Criminal law is not an attractive long-term career, say 81% of young lawyers

Low pay 👎 long hours 👎 poor work-life balance 👎

The vast majority of young lawyers believe that criminal law is not an attractive career option, according to a new flash poll undertaken by the Law Society.

The survey found that 81% of young lawyers were reluctant to pursue a long-term career in crime, with low pay, long hours and poor work-life balance among the top factors cited by the nearly 140 respondents. .

Providing more detail on why they don’t see a long-term future in crime, a young lawyer said: “I don’t believe the government would ever fund it adequately to allow a lawyer a good pay and a good quality of life. Why go to college and the huge debts to earn the salary they earn, the hours they work and the antisocial hours on top of that.

Another respondent explained how they have recently moved from criminal to commercial law, where newly qualified partners working in the latter can earn up to £100,000 a year. “As a single person the pay was okay, but as a parent it’s not viable,” they said. “After switching to commercial law in a year, I have already doubled the salary I received as a criminal lawyer.”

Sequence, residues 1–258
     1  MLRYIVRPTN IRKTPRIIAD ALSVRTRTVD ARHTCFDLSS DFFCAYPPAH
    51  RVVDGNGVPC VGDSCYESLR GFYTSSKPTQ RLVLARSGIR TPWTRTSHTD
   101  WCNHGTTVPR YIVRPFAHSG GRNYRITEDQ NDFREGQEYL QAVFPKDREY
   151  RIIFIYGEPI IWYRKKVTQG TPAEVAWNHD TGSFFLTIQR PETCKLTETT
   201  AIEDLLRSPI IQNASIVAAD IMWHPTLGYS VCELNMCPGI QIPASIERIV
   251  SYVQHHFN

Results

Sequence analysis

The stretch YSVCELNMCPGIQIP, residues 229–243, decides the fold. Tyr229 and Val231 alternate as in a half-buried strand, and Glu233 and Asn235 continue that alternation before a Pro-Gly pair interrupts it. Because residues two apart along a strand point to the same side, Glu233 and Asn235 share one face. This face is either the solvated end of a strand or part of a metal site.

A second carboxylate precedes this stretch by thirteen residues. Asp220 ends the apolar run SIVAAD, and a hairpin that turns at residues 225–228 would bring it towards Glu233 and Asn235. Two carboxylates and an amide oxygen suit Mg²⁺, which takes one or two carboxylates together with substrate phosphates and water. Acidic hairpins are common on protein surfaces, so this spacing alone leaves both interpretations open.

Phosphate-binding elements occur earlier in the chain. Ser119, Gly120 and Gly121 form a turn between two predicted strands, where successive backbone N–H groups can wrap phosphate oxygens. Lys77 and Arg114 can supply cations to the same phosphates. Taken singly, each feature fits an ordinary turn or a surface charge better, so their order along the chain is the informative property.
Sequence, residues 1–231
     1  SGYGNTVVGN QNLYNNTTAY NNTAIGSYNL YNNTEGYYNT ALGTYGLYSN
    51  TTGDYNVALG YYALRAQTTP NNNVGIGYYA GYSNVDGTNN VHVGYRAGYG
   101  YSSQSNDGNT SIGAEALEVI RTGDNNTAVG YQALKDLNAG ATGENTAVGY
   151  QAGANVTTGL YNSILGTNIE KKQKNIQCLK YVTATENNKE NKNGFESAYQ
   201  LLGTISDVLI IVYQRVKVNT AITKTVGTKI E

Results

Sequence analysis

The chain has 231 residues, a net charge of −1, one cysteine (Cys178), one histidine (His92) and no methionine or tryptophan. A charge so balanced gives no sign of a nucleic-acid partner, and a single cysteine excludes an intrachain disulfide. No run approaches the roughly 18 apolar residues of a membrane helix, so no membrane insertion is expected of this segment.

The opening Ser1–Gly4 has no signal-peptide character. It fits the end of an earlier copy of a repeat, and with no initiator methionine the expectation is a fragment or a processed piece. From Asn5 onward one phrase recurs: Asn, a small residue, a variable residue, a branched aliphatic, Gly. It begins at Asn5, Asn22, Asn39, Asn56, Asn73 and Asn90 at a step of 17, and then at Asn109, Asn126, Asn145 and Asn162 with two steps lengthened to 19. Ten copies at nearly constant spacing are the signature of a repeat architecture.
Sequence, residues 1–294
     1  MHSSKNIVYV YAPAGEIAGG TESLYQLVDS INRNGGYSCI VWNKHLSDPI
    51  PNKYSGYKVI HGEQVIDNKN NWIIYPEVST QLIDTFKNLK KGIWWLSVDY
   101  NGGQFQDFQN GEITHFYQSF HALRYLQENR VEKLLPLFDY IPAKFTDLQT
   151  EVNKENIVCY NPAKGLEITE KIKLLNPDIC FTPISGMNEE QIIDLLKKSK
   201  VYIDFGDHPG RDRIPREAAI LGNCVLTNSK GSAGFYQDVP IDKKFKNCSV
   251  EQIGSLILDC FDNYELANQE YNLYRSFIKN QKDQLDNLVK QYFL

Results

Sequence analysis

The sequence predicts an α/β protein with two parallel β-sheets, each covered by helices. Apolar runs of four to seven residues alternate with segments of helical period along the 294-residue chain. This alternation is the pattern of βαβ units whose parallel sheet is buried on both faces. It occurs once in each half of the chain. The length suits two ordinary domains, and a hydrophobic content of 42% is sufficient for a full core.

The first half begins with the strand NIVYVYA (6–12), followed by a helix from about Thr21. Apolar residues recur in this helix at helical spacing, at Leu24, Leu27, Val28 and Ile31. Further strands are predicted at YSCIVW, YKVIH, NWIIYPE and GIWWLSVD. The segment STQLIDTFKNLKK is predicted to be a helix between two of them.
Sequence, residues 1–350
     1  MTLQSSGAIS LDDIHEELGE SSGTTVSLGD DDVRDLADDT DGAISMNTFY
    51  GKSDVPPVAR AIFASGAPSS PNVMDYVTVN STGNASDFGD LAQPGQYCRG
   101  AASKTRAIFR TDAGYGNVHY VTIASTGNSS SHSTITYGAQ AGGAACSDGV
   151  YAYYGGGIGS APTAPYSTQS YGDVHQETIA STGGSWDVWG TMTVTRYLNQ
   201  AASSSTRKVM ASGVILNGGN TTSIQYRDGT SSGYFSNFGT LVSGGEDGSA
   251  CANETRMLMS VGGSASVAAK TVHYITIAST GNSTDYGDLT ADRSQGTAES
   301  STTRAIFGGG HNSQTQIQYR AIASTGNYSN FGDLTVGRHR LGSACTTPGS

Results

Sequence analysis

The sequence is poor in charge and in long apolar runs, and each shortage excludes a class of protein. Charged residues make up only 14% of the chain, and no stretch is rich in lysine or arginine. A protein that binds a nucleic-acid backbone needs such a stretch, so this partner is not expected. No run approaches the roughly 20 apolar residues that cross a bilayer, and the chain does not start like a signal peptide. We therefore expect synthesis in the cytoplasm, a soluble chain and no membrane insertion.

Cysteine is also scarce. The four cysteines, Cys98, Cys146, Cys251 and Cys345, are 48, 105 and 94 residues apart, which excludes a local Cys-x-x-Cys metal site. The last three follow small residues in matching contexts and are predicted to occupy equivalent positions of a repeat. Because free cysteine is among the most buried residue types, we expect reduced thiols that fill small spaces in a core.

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Another junior lawyer told researchers, “No work-life balance, no family prospects, very little pay, too emotionally draining without enough support, not respected by the public.”

The comments point to issues similar to those contained in the special report undertaken last summer by legal cheek.

One student told us how she was advised during a mini-pupling to “train away from crime within ten years and do something more lucrative”, while another aspiring lawyer said that she and many of her peers “thought twice before getting into criminal defense”. ” given the financial disadvantages.

The poll comes as criminal lawyers continue to operate a ‘no return’ policy – they agree not to accept cases referred from colleagues who have a log dispute – over their long-standing concerns about the legal aid funding.

Despite the government confirming in March that it had accepted an independent review’s recommendation to inject an extra £135million a year into the criminal legal aid sector, the Criminal Bar Association (CBA) says that the increased fees under the deal will “not be enough to retain enough criminal lawyers to keep the wheels of justice turning”.

The CBA is now considering further action with meetings and a membership ballot scheduled for next week.